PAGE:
Raman spectroscopy was applied to further demonstrate the existence of crystal. Raman spectra collected at room temperature is shown in Figure 4. The Raman spectra of BiVO4, CrVO4, FeVO4, and Co2V2O7 were in agreement with literature [10,20,22,23] and the spectra did not show the characteristic bands of V2O5. Hence, no effort was taken to consider the product selectivity in this work. For BiVO4, the primitive cell contained 28 atoms (Figure 2) and, in principle, 81 vibrational modes were expected. The band at approximately 828 cm−1 corresponded to stretching modes of V–O bonds, and there was no splitting which means that degeneracy occurs in the symmetric stretching vibration of VO4 tetrahedron. The strongest peak of CrVO4 and FeVO4 was much higher, whereas the stretching modes of V–O give rise to intense bands, the difference in electronegativity of these metal (Bi, Co, Cr, and Fe). The Raman bands of FeVO4 were much more than that of BiVO4, CrVO4 and Co2V2O7, because the structure of FeVO4 is triclinic, and all vibrations are nondegenerate. The 36 atoms in the unit cell had 105 vibrational modes among which 54 optical modes were Raman active Ag modes, 51 were infrared active Au modes [23]. For all Raman spectra, the stretching modes of V–O combining M–O and V–O occurred above 650 cm−1, and bending modes together with stretching modes appeared in the 630–420 cm−1 region. The lower wavenumber bands were external modes from lattice, translational, and vibrational motions [24,25]. From a crystalline perspective, all catalysts were composed of V–O polyhedrons and other metal–oxygen polyhedrons.
In order to study the sudden change in thermal expansion of BiVO4, the Raman spectroscopy dependent temperature of BiVO4 is shown in Figure 5. The Raman bands became weaker and weaker with the increasing temperature which reflects the increase of the degree of disordering of the crystal structure. The relative intensity of 368 and 324 cm−1 had obvious change at 200 °C, and they disappeared at 300 °C; meanwhile, there was a new band at approximately 345 cm−1. There was not only one change. The bands at 127 and 211 cm−1 gradually became a wave packet; meanwhile, the 703 cm−1 band disappeared, and the 828 cm−1 band moved to 815 cm−1, this might be caused by the bond expansion and weakening. All these mean that there was a phase transition between 200 °C and 300 °C. There was no change in the Raman spectra above 300 °C. The high temperature Raman spectra were in agreement with tetragonal structure which means that BiVO4 crystal tetragonal as well [26]. Compared with Figure 3, we found that materials with high symmetry have larger CTE. The Raman band at 368 and 324 cm−1 could inhibit the thermal expansion of material. It means that the thermal expansion property was related to the structure of the material.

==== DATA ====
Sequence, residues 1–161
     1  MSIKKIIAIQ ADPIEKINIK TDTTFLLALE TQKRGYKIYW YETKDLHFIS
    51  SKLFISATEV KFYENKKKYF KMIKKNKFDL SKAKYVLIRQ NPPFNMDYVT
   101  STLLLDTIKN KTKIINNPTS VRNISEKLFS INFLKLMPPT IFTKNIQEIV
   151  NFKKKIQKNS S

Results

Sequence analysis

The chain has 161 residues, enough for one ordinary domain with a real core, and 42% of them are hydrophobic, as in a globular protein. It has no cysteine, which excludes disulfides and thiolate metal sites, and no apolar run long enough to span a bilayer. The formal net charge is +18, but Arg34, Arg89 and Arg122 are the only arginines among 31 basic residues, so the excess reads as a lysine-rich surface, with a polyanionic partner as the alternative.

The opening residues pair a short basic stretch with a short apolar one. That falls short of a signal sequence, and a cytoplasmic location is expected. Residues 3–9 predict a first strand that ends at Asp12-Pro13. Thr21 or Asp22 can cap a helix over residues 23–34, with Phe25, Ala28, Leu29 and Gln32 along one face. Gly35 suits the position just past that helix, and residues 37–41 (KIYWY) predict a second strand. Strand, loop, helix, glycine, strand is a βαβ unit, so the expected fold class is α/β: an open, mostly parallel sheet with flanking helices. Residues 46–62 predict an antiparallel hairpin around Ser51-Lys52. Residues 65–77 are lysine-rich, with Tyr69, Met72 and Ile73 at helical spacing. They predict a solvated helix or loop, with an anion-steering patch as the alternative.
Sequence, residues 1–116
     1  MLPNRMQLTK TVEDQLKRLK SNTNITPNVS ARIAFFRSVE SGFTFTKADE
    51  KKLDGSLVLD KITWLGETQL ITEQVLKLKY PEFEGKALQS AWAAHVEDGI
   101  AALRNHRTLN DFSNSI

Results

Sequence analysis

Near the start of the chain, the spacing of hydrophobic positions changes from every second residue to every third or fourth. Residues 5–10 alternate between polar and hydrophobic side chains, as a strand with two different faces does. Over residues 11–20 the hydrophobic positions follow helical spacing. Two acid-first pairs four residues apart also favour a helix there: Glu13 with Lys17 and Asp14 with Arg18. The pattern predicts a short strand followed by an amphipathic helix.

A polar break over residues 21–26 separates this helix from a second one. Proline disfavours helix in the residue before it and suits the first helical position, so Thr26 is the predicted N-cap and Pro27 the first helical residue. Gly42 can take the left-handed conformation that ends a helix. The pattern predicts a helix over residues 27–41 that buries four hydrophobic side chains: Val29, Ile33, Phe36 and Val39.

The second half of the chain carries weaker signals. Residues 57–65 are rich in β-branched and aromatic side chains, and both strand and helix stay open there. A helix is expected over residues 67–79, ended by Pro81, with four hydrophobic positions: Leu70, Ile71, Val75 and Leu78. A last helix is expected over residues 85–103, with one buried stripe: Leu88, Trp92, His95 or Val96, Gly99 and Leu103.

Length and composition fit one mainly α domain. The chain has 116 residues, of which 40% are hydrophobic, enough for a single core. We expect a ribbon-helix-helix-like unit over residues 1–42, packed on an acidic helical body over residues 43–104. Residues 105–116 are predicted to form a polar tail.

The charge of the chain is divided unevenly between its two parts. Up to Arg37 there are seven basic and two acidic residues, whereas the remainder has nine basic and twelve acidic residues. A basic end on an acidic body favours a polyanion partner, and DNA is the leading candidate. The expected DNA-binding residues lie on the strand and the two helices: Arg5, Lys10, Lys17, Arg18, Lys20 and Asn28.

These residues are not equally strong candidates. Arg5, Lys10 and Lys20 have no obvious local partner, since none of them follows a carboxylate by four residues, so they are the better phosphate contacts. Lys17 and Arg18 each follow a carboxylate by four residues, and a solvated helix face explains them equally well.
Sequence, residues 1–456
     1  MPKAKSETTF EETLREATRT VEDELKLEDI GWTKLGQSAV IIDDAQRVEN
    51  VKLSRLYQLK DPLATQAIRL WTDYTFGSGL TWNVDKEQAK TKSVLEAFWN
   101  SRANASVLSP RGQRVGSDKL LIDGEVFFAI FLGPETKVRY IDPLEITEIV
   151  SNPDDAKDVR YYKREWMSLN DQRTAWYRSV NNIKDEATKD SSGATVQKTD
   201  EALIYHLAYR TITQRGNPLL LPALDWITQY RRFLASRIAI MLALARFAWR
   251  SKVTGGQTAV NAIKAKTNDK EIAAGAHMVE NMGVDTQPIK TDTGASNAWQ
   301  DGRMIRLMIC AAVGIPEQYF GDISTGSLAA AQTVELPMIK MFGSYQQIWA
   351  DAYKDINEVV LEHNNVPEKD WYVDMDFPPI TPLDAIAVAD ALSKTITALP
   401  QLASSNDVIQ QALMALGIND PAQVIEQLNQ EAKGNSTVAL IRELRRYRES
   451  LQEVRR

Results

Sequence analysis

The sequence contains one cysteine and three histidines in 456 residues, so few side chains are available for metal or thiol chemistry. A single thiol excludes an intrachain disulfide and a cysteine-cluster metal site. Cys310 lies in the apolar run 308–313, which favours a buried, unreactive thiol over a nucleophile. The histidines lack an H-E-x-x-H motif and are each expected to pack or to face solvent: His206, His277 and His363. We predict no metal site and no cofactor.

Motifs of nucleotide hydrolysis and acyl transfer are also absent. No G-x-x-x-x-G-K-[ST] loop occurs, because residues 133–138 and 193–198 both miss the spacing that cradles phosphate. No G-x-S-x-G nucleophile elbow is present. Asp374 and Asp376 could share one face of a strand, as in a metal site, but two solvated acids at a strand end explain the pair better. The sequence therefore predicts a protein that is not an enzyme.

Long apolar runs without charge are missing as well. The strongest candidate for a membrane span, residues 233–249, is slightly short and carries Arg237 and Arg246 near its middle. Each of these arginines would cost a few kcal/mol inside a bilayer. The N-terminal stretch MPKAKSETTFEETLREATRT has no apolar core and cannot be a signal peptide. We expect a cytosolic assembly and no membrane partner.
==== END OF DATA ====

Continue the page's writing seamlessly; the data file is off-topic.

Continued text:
4. Summary

Vanadium compounds were synthesized to investigate the thermal expansion properties and structure. The CTE of Co2V2O7 was bigger than monoclinic structure BiVO4 which means that the thermal expansion property was related to the ionic radius of metals. The CTE of the tetragonal structure of BiVO4 was 15.27 × 10−6 °C−1 which was the biggest CTE in our measurement results, and the CTE of tetragonal structure FeVO4 was 2.84 × 10−6 °C−1 which was the smallest. This indicates that the thermal expansion property was related to the structure of the material.

Author Contributions

Conceptualization, X.H. and C.Z.; methodology, X.H.; software, D.T.; validation, X.H., C.Z. and D.T.; formal analysis, D.T.; investigation, X.H.; resources, X.H.; data curation, C.Z.; writing—original draft preparation, X.H.; writing—review and editing, X.H.; visualization, X.H.; supervision, X.H.; project administration, X.H.; funding acquisition, X.H. All authors have read and agreed to the published version of the manuscript.

Funding

This research was funded by the Henan Province Education “The 13th Five-Year Plan” Project of Year 2016, grant number 2016-JKGHA-0017, and the Open Fund of Key Laboratory of Water-saving Agriculture of Henan Province, grant number FIRI2016-19-01.

Conflicts of Interest

The authors declare no conflict of interest.

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Figure 1. X-ray diffraction pattern of (a) BiVO4, (b) CrVO4, (c) FeVO4, and (d) Co2V2O7.
Figure 1. X-ray diffraction pattern of (a) BiVO4, (b) CrVO4, (c) FeVO4, and (d) Co2V2O7.
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Figure 2. Crystal structure of (a,b) BiVO4, (c,d) CrVO4, (e,f) FeVO4, and (g,h) Co2V2O7.
Figure 2. Crystal structure of (a,b) BiVO4, (c,d) CrVO4, (e,f) FeVO4, and (g,h) Co2V2O7.
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Figure 3. Relative length change of BiVO4, FeVO4, and Co2V2O7.
Figure 3. Relative length change of BiVO4, FeVO4, and Co2V2O7.
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Figure 4. Raman spectra of BiVO4, FeVO4, CrVO4, and Co2V2O7.
Figure 4. Raman spectra of BiVO4, FeVO4, CrVO4, and Co2V2O7.
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Figure 5. Raman spectra of BiVO4 at temperature of 18, 50, 100, 200, 300, 400, and 600 °C.
Figure 5. Raman spectra of BiVO4 at temperature of 18, 50, 100, 200, 300, 400, and 600 °C.